It’s harsh. It’s humbling. Oh, and btw – it’s true.
Becoming a leader really isn’t about you.
Sorry (not sorry).
The truth is, leadership is about your team and taking them somewhere they want to go. If you’re a leader who’s all about numero uno, you could be in for a lonely old time.
At best, people will roll their eyes behind your back 🙄. At worst, they simply won’t join you on the journey.
So, how do you take yourself out of the limelight, give others a chance to shine and lead them down the right path?
It’s all in the telling
You need to create a story about the future. One that’s inspiring, crystal clear and roomy enough for other characters.
Jon Osborne, our go-to people and leadership expert, gave us his take on storytelling (without the ego) in Part 3 of our New Leaders podcast series. His interesting insights will give you everything you need to create your own engaging story that’s uniquely yours – but still keeps your team centrestage.
Your leadership story
Everyone has a story. The trick with leadership is creating a story other people want to be part of.
“The key thing here is how do you, as a leader, tell a story which has relevance to your audience?” asks Jon. “The key to relevance, of course, is talking about something people care about.”
So, where do you even start with that? According to Jon, there are 3 questions to ask yourself:
- What is your story about leadership?
Heads up: it’s self-examination time! You won’t get far if you try to be someone else (with someone else’s story). Do you need to have all the answers? Are you only about you and your development? Is your focus on serving other people?
Once you’ve (truthfully) answered those questions, you’ll have a starting point. Keep it simple and go from there.
- Is your story getting the right results?
“If there’s a big mismatch between how you’re perceived by other people and how you want to be perceived, that’s probably a good indication that maybe there are some things in your story that don’t land for other people, or don’t quite resonate,” offers Jon.
Don’t stress if you need to rework a few bits – no one ever submits their first draft!
- Do I need to redesign my story?
Story not quite right? Not a big deal. Have some frank conversations with people around you, get their feedback and consider what’s missing.
It’s your story to devise, develop and deliver.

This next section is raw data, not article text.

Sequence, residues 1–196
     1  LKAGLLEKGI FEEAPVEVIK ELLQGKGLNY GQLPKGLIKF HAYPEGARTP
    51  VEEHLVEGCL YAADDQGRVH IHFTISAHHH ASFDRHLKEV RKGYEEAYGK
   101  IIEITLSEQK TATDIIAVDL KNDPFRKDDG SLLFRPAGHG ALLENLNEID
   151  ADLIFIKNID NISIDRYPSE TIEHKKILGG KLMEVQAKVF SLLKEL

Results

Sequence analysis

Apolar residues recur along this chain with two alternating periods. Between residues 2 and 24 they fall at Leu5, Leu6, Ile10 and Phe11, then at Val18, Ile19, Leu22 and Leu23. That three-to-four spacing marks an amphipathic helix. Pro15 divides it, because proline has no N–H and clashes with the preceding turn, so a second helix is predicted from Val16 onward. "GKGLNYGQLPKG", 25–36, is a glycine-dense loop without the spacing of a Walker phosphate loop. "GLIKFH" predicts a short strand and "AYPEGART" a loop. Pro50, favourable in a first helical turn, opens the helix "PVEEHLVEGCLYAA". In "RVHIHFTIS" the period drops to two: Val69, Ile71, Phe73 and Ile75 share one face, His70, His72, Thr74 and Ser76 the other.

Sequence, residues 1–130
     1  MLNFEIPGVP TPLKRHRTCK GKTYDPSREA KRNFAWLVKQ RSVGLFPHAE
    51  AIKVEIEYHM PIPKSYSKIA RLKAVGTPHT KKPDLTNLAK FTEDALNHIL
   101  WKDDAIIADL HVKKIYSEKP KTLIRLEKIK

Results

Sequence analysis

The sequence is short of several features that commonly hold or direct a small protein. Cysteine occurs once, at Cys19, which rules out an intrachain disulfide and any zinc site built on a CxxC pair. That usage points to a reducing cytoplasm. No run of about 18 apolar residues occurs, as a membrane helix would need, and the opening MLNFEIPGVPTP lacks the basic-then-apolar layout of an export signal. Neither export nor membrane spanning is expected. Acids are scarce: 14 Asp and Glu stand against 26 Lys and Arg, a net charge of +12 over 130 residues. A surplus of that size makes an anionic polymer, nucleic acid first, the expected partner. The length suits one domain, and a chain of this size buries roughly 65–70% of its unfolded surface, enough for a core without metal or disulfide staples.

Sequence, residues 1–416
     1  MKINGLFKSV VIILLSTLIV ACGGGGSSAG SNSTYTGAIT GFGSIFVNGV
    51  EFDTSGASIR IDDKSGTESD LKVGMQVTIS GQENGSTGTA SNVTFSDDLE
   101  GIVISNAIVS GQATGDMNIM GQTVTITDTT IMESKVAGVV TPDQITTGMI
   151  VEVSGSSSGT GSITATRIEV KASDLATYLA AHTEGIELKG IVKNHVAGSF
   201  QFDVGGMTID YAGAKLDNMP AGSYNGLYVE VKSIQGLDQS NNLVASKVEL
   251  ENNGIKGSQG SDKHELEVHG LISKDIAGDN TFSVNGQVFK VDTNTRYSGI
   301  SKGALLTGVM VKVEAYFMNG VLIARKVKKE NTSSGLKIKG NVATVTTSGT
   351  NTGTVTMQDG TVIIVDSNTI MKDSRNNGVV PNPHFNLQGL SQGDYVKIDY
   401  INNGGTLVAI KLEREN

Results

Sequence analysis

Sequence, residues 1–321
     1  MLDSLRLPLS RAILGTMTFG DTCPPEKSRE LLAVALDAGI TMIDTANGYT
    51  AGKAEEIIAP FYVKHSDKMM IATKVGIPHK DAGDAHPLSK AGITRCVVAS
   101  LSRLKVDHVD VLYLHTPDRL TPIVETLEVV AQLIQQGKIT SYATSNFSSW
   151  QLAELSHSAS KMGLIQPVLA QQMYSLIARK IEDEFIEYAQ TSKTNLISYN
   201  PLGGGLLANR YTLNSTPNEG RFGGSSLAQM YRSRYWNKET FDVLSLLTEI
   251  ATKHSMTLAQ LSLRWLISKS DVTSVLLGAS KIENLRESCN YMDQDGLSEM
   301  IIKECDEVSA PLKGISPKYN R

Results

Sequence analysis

Every story has a hero (and a mentor)
If we think about a story, they usually consist of:
🦸♀️ A main character (our ‘hero’)
🧑🏫 A secondary character (the ‘mentor’)
😰 A challenge to overcome (both external and internal)
😊 The happy ending (cue the tear-jerking tunes).
Of course, life is never that straightforward. And while that formula works for Hollywood, it doesn’t usually play out like that in the workplace (or anywhere other than a movie set 🎬).
“If your leadership’s all about you, I think your actual challenge is that people may not really care,” Jon says.
But what if we look at the ‘mentor’ in the story and their relationship with the hero? That’s the angle Jon wants us to consider.
“If the people I’m serving, if my team or even my boss is the hero, then how am I the mentor? How am I helping them achieve their mission? You can tell the story you want and you can live the story you want.”
So long as it’s not all about you.
From me to we
Yep. Telling your leadership story means making the shift from the ‘me space’ to the ‘we space’. Your job now is to take a confident, powerful step into the ‘we space’ where you essentially make your team the heroes of the story.
Recognise their differences, truly get to know them and be their platform to greater things.
Like we’ve said (ad nauseam, we get it), it’s not about you.
We all love the idea of authenticity. But what does it mean in the workplace and, more importantly, as a new leader?
“Authenticity is always a good place to be as a leader,” Jon tells us. “But you don’t just tell a story [about it]; you create a plan and make it clear what people need to do.”
Because leadership is more than simply laying your soul bare to those around you. Tell it how it is, sure, but separate yourself from the story somewhat and – crucially – empower people to take action.
The one thing that distinguishes a mentor from a hero? The mentor demonstrates empathy and authority.
Be honest, open and upfront. But remember to also give people a purpose to work for and plan to get there.
How could I be wrong?
We’ve touched on the new leader mentality of ‘I need to know everything about everything’ in other blogs. Consider this your reminder to let that go!
Jon says if you find yourself defaulting back to the ‘Oh, I know the answer, I’m going to jump in and take control’ mode, it’s time to step back and ask a few questions:
- How could my interpretation be wrong here?
- How am I reading this situation wrong?
- Are we approaching this wrong?
Switch on your growth mindset, keep asking questions and be open to feedback. You’ll learn WAY more (faster), connect better and genuinely earn your team’s respect.
The world doesn’t need another David Brent.
Stepping away from the spotlight
Your leadership story is all yours. But the journey is not (oh, and did we mention it’s not about you? 😉)
Rather, it’s your moment to be your team’s trusted mentor – to focus on them, give them the guidance they need and make them the heroes of your story.
“Many [people] who are new to leadership roles think it’s all about them,” Jon concludes. “If you’re a leader and you’re consumed with self-interest, then why would you expect anyone else to want to follow you?”
Building on that muscle of playing in the ‘we space’, asking the right questions and being aware of your own limitations will make you a stronger, more empathetic leader who gets the most from your team. Want more info, insights and intel on new leadership? Check out our podcast series here!